It occurred to me that this view of our role in preparing students for life after school treats the real world like a minimum wage job at a fast food restaurant.  This view of the real world values things like showing up on time, having a great attitude, and working hard. Those are admirable qualities in the guy who serves me my curly fries. They should have nothing to do with my assessment of students’ mathematical abilities.

A better view of our role in preparing kids for the real world would be to treat the real world like a contract job.  This view of the real world values things like taking responsibility to finish what you start, taking as long as you need to do the job right, seeking help from others when needed, and producing good work every time. These are great qualities in the guy who designs the bridge I drive across every day. These are the things I should be encouraging in  my students, and should be reflected in my assessment practices.

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I can’t believe I’m about to wade into the homework debate, but here goes.

When I became a consultant, they spent a great deal of time teaching me how to coach and facilitate.  One thing they taught me was to be up front about my assumptions and biases.  So here’s three pretty important ones.

  1. As a kid, I hated doing homework.
  2. As a teacher, I hated chasing kids to get their homework done.
  3. As a parent, I am learning to hate fighting with my kid to do her homework.

A few years ago, while tutoring a student, I came to the realization that most of the math homework we assign is a waste of time.  Her teacher had assigned her questions 1-15, parts a, c, and e.  She did 1a and knew how to do it.  I suggested that we move on to #2, but she was the kind of kid who did every question assigned, so she did 1c and 1e even though they were exactly like part a, but with different numbers.  It occurred to me at that point that I needed to look at how much and what kind of homework I was assigning.

I started paying more attention to which students were completing what homework assignments.  Some kids did it all, and some kids did none.  The problem is that the students who needed the practice, didn’t do the work, and the students who didn’t need the practice, diligently did every single question I assigned.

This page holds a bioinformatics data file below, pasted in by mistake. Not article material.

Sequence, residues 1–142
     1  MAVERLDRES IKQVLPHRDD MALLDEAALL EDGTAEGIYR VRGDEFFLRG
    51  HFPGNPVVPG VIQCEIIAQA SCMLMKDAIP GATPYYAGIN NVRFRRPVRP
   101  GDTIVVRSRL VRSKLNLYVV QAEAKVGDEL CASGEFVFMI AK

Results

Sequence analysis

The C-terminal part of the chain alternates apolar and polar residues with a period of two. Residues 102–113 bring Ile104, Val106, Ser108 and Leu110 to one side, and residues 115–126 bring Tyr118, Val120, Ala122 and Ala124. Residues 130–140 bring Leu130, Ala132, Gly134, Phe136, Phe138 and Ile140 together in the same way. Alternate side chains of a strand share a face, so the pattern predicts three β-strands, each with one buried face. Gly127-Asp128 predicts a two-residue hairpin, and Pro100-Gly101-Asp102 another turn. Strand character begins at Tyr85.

At about that time, some teachers in my department were complaining about how kids didn’t do homework.  I threw out the idea of just not assigning it at all to alleviate everyone’s (teacher, student and parent) stress.  That suggestion didn’t go over well.  In my classes, I consciously started giving less homework.  My thought was that if we assigned 4 useful questions and the kids did 3, we were way better off than if we assigned 20 rote practice questions and the kids did 6.

I also started differentiating my assignments.  Kids who needed practice got a manageable amount of practice.  Kids who needed deeper thinking got richer questions.  As a kid, I hated it when I got done an assignment, only to have the teacher give me more of the same.  I learned not to get done.  We do that to our strongest kids.  Instead of giving them better assignments, we just make them do more work, and because they’re good kids, they tend to do it.

Another change I made was to move away from giving my class practice time at the end of the lesson.  I tend to talk less than most high school math teachers.  In an 80 minute block, I try hard to keep lessons to no more than 40 minutes, so that kids have at least 40 minutes to work.  I used to give that work time at the end.  Kids were tired after a 40 minute lesson, and it was difficult to focus them on the practice questions.  I started breaking my lessons into smaller sections, so that I’d teach for 10 minutes, and then assign 2 question, then teach for 10 minutes and assign 2 questions, and so on.  By doing this, the kids really felt they had to do the questions, because it seemed like part of the lesson.  As such, I assigned far fewer questions at the end of the lesson.  Most kids had nothing to take home at all, which I felt good about, and I’m sure they felt good about.  More importantly to the people who will suggest kids need lots of practice to be successful, my student’s grades didn’t suffer by doing less homework.

If I get brave later on, I’ll add a post about how I feel about assessing homework.